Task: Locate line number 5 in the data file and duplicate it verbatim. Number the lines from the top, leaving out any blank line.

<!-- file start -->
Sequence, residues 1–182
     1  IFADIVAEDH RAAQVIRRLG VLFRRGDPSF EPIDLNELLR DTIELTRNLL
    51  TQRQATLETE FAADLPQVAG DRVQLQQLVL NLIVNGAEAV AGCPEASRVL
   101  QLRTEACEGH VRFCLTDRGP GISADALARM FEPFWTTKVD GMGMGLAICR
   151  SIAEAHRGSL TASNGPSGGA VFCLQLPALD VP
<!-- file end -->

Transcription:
   151  SIAEAHRGSL TASNGPSGGA VFCLQLPALD VP